The Organization for Economic Co-operation and Development adopted an Anti-Bribery Convention in 1997.  That convention fuels the growing international rejection of corruption.

Forty-three nations participate in the OECD Anti-Bribery Convention.  The agreement establishes legally binding standards.  Member countries are required to adopt laws that criminalize bribery of foreign public officials in international business transactions.  Just a few months ago, a new country, Costa Rica, ratified the convention.

These forty-three nations recognize the importance of a level playing field that protects citizens and honest businesses. 

Earlier this year, Attorney General Sessions spoke about the harmful consequences of corruption.  It leads to increased prices, substandard products and services, and reduced investment. 

It is no coincidence that crime syndicates and authoritarian rulers use corruption to enrich themselves.  They engage in corruption to consolidate political power and defeat legitimate political adversaries.  

Working together with international partners, we are making headway in combatting corruption. Federal prosecutors in our Criminal Division’s Fraud Section, together with Assistant U.S. Attorneys and law enforcement partners, continue to secure convictions in important FCPA-related cases.

Recently, the FCPA Unit worked with the U.S. Attorney’s Office for the Southern District of New York to obtain a trial conviction against a former Guinean Minister of Mines, for laundering proceeds from $8 million in bribes. 

The FCPA Unit and the U.S. Attorney’s Office for the Southern District of New York secured another trial victory against a Chinese billionaire for bribing United Nations officials. 

In a third case, FCPA prosecutors worked with Assistant U.S. Attorneys in the Central District of California, and prevailed at trial against a South Korean earthquake research center director who laundered the bribery proceeds in the United States. 

In total, 19 individuals have pleaded guilty or been convicted in FCPA-related cases so far this year.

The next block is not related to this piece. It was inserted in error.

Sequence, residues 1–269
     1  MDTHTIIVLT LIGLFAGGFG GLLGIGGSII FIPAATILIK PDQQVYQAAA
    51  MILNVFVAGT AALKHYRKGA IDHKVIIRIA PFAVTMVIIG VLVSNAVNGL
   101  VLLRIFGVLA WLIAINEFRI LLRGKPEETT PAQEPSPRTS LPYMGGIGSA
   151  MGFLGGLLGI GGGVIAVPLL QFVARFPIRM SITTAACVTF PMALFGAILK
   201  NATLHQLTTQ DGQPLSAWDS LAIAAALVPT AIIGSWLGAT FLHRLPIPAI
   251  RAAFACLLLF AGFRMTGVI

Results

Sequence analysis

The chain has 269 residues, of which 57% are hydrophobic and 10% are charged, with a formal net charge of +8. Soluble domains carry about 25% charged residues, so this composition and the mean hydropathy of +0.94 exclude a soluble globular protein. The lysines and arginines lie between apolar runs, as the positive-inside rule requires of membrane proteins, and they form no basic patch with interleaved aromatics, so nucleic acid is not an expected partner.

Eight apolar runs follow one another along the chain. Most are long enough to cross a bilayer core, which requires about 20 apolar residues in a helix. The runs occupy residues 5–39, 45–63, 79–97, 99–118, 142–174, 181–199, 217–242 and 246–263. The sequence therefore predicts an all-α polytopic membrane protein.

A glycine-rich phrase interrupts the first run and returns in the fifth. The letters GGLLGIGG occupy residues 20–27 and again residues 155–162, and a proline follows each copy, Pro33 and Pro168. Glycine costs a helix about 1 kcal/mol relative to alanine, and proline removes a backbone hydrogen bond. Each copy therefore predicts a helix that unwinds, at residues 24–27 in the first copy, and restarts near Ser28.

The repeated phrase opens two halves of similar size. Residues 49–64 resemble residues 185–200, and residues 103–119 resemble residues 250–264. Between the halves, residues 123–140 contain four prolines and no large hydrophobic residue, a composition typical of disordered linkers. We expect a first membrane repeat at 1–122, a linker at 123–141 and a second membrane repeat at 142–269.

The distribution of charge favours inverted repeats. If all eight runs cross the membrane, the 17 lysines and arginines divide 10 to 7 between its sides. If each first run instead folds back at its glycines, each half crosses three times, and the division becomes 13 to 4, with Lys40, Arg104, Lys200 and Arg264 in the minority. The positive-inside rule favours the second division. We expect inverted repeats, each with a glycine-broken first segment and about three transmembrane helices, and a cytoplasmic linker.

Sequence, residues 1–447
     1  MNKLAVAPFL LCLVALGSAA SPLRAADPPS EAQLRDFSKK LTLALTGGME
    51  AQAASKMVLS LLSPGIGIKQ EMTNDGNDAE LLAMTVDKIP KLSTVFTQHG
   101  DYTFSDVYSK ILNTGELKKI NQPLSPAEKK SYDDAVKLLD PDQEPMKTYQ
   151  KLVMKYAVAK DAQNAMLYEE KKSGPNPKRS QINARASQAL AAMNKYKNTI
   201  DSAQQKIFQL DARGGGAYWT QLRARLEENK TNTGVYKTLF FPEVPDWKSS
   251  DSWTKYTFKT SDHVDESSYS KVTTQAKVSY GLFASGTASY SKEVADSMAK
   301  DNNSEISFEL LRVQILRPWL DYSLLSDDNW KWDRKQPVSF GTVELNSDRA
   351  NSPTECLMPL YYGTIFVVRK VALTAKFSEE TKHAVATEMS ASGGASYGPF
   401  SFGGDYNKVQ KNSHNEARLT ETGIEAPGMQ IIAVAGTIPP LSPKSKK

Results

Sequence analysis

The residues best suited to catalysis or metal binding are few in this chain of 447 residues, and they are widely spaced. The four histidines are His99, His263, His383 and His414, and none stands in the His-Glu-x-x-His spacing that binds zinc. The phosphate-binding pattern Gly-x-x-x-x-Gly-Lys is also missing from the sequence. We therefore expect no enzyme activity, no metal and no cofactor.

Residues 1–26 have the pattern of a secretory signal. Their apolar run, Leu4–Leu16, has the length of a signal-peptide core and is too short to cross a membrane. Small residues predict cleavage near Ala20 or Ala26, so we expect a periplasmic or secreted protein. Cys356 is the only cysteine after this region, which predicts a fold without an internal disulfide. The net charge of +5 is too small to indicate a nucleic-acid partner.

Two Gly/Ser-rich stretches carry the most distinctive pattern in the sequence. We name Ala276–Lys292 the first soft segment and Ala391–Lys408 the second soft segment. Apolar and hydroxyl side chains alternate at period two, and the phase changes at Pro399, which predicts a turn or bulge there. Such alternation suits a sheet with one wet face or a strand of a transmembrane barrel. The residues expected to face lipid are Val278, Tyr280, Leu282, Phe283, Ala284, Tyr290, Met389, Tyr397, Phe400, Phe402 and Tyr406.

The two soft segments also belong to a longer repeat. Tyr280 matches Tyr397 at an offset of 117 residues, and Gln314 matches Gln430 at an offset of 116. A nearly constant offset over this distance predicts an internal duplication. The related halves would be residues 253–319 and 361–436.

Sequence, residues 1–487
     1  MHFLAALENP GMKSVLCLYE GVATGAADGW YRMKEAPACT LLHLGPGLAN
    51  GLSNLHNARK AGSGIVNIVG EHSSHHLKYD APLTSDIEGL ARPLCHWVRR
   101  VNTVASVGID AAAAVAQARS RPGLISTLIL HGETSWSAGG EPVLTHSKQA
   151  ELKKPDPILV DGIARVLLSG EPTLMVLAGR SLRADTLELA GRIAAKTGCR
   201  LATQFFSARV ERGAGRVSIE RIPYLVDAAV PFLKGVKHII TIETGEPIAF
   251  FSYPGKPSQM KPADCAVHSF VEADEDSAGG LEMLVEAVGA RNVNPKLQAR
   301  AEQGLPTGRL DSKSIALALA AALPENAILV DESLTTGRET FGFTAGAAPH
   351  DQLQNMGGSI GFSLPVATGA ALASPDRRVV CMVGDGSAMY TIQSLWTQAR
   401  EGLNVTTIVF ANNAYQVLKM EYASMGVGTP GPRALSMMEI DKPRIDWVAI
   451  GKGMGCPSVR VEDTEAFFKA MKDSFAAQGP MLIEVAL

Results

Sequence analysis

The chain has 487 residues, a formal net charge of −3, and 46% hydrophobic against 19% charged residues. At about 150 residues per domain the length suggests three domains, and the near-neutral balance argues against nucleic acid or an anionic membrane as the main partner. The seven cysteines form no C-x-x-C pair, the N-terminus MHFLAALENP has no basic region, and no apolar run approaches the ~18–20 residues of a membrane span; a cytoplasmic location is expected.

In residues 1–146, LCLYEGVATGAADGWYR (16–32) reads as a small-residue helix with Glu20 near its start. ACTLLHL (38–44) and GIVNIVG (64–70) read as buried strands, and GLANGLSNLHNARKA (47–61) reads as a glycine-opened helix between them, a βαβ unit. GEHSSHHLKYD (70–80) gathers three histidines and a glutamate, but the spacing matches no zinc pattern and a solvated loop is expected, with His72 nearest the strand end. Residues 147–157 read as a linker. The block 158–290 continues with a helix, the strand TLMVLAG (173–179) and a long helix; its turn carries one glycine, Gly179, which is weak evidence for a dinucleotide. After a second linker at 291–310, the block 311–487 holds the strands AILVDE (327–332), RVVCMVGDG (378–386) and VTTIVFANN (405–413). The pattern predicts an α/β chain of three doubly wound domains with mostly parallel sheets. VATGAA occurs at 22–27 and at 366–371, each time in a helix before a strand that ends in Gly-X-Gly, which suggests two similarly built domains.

The Department of Justice announced another significant case earlier this month.  Two former executives of Rolls‑Royce and its subsidiaries, along with a former employee and a consultant, all pleaded guilty to conspiracy in connection with a scheme to bribe foreign officials.

That results reflects tremendous work by the FCPA Unit, Assistant U.S. Attorneys for the Southern District of Ohio, U.S. Postal Inspectors, and the FBI, as well as cooperation with law enforcement authorities in the United Kingdom, Brazil, Austria, Germany, the Netherlands, Singapore, and Turkey.  We look forward to continuing to work with our international partners.

Those cases and others like them reinforce the Department’s commitment to hold individuals accountable for criminal activity. 

Effective deterrence of corporate corruption requires prosecution of culpable individuals.  We should not just announce large corporate fines and celebrate penalizing shareholders.

Most American companies are serious about engaging in lawful business practices.  Those companies want to do the right thing. They need our support to protect them from criminals who seek unfair advantages.

Law enforcement agencies prosecute criminal wrongdoing only after it occurs.  Those prosecutions achieve deterrence indirectly.  But a company with a robust compliance program can prevent corruption and reduce the need for enforcement. 

That frees agents and prosecutors to focus on people who are committing other financial crimes.  It also allows them to focus on different threats to the American people, including terrorism, gang violence, drug trafficking, child exploitation, and human smuggling.  People who commit those horrendous crimes do not make voluntary disclosures.    

Threats to American safety and security will grow more complex over time.  We need corporate America to help us detect and fight those threats.

As Attorney General Jeff Sessions explained, “Societies where the rule of law is treasured … tend to flourish and succeed. Societies where the rule of law is subject to political whims and personal biases tend to become … afflicted by corruption, poverty, and human suffering.”